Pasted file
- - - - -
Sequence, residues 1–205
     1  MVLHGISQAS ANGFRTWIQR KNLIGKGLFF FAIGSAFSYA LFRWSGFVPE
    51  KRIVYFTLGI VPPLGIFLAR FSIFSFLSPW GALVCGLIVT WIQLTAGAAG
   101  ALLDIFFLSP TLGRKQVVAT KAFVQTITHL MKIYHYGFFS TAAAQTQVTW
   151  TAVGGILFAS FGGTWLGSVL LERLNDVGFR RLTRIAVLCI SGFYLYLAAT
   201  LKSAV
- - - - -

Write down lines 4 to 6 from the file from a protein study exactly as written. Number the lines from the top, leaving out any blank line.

   101  ALLDIFFLSP TLGRKQVVAT KAFVQTITHL MKIYHYGFFS TAAAQTQVTW
   151  TAVGGILFAS FGGTWLGSVL LERLNDVGFR RLTRIAVLCI SGFYLYLAAT
   201  LKSAV